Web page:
What a stupid decision from the Coroner

A coroner has ruled that the death of a 10 year old was self inflicted and also ruled that no one can know the details of his report…in case other 10 year olds copy-cat.

What a load of  hooey…proving once again that coroners are really out of touch with reality. Show me a 10 year old that will sit and search the internet for ways to kill themselves…it is bullshit.

A coroner has ruled that a 10-year-old boy committed suicide, but has banned publication of any details in a bid to protect other youngsters from copy-cat deaths.

Gisborne schoolboy Patrick Brass died at remote Te Kumi sheep station on the East Cape in July 2012.

His uncle worked at the station and was out shearing when Patrick died, in front of his two cousins, aged 13 and 8.

The Herald cannot publish details of how Patrick died, or what happened in the moments beforehand.

An inquest was held into Patrick’s death and Coroner Christopher Devonport ruled it was the result of a self-inflicted injury.

He then prohibited the publication of his report, released to the Herald yesterday, under Section 71 of the Coroners Act 2006.

Section 71 states that the particulars of the death “other than the name, address and occupation of the person concerned, and the fact that a coroner has found the death to be self inflicted” cannot be published. Coroner Devonport’s ruling also means the Herald cannot publish why it is believed Patrick killed himself. 

What is more concerning is that this case has had extensive coverage and it appears now that the material facts as reported were false…either the media made it all up at the time or the coroner knows something we don’t…which I doubt.

Here are just three links to previous reporting of the incident.

Mum speaks after son’s tragic shooting  – NZ Herald

Father angry over shooting – NZ Herald

Police investigations continue into the circumstances of the shooting, but family have been told that Patrick and two cousins picked up a .270 gun while an uncle was shearing on an adjacent property.

Patrick’s father, Stacy Chandler, 36, said the trio had wandered up a riverbed in search of a wild animal. The boys had an argument over who should be carrying the gun and were pulling on it when it went off.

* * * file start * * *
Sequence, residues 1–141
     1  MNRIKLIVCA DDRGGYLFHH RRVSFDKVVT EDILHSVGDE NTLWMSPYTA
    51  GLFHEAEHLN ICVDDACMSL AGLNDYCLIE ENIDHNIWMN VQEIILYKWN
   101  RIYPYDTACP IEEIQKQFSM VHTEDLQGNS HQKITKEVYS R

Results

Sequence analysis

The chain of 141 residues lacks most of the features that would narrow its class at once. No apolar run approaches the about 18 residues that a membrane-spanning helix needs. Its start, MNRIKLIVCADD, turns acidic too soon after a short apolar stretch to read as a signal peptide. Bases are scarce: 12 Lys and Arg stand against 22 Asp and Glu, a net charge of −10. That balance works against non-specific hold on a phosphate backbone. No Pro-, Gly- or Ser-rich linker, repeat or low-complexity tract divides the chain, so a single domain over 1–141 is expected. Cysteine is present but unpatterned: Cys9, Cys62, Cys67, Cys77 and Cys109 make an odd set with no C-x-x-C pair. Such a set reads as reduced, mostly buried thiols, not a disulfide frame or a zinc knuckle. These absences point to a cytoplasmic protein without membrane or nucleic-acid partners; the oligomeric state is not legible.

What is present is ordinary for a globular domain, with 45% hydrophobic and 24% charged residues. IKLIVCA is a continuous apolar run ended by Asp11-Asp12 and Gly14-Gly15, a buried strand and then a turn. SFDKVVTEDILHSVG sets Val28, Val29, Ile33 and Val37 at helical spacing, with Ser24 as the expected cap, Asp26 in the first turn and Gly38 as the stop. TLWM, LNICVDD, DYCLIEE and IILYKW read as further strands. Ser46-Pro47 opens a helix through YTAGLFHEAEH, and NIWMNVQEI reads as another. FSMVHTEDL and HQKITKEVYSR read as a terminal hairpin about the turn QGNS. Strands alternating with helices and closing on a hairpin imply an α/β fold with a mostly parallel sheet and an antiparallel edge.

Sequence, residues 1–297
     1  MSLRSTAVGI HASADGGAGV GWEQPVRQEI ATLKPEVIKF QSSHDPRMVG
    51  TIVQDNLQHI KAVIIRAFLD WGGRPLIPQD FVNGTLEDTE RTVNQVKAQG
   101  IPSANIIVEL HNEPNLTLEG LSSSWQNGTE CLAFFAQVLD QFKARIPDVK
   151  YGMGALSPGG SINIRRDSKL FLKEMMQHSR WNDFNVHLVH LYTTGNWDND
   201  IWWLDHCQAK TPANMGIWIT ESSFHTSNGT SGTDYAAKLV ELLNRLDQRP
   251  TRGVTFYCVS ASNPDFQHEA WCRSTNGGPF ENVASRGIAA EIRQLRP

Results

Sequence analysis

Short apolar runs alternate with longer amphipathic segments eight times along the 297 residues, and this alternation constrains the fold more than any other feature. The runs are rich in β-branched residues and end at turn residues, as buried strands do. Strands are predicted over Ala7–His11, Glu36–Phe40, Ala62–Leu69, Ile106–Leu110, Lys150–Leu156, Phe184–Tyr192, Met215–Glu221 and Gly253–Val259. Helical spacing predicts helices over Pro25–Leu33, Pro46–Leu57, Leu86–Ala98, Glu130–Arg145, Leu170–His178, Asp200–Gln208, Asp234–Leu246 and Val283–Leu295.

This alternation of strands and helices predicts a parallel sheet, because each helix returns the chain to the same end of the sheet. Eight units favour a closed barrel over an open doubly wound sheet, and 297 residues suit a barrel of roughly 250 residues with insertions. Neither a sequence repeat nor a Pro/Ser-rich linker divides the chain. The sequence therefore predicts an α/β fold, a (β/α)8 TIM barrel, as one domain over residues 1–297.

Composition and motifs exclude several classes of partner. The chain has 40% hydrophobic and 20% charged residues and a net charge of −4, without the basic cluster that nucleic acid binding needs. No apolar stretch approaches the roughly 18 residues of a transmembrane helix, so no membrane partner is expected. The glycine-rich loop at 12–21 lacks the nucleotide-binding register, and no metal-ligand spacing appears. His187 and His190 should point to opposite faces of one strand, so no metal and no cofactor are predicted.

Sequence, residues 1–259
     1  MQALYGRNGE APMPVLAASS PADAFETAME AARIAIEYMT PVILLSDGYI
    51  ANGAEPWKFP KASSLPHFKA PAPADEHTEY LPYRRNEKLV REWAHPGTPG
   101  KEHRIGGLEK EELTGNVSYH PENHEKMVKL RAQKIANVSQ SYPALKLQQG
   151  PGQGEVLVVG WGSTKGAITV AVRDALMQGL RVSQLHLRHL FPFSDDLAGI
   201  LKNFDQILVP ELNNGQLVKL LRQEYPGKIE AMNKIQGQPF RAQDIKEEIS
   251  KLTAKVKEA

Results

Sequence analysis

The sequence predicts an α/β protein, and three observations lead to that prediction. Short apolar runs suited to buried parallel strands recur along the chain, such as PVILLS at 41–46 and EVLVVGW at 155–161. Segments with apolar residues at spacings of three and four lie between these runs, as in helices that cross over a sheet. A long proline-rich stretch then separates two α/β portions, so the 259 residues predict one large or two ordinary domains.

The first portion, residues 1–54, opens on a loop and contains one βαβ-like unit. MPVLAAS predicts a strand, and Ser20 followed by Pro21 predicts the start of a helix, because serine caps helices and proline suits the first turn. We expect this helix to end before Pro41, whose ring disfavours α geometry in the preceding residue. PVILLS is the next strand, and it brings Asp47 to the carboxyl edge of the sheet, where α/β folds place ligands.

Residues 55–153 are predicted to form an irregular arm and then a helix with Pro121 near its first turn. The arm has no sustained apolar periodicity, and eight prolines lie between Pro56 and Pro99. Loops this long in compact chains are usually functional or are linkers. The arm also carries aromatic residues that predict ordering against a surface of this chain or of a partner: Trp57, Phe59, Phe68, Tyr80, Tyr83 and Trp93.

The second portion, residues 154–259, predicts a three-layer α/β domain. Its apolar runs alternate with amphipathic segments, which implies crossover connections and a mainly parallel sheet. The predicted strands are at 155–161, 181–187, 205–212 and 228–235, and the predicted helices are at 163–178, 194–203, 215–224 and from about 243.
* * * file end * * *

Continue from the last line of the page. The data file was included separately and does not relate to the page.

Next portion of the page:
“How the hell does a 10-year-old boy end up with a rifle of that calibre? It’s a deer hunter’s rifle.”

He was concerned the gun may have been left unlocked.

“He was a responsible boy and he was from a well-respected family. He was brought up around hunting. That boy could shear a sheep, he could press a bale.” 

Boy’s shooting death preventable: police – Otago Daily Times

The coroner is dead wrong in this case, and indeed any case int he reporting of alleged suicide.

It is my firm belief that w need to be talking about these issues not hushing them up and covering them in secrecy. We can only start to deal with mental health issues when we are open about them. The legacy of silence hasn’t prevent one single death. It is high time the Coroners Act was re-visited and these provisions were removed.

If you or someone you know is at risk then seek help immediately.

• Youth services: (06) 3555 906

• Youthline: 0800 376 633

• Kidsline: 0800 543 754 (4pm to 6pm weekdays)

• Whatsup: 0800 942 8787 (noon to midnight)

• The Word

• Depression helpline: 0800 111 757 (24-hour service)

• Rainbow Youth: (09) 376 4155

• CASPER Suicide Prevention

If it is an emergency and you feel like you or someone else is at risk, call 111.

Do you want:

  • ad-free access?
  • access to our very popular daily crossword?
  • access to Incite Politics magazine articles?

Silver subscriptions and above go in the draw to win a $500 prize to be drawn at the end of March.

Not yet one of our awesome subscribers? Click Here and join us.

As much at home writing editorials as being the subject of them, Cam has won awards, including the Canon Media Award for his work on the Len Brown/Bevan Chuang story.  And when he’s not creating the news, he tends to be in it, with protagonists using the courts, media and social media to deliver financial as well as death threats.

They say that news is something that someone, somewhere, wants kept quiet.   Cam Slater doesn’t do quiet, and as a result he is a polarising, controversial but highly effective journalist that takes no prisoners.

He is fearless in his pursuit of a story.

Love him or loathe him.  But you can’t ignore him.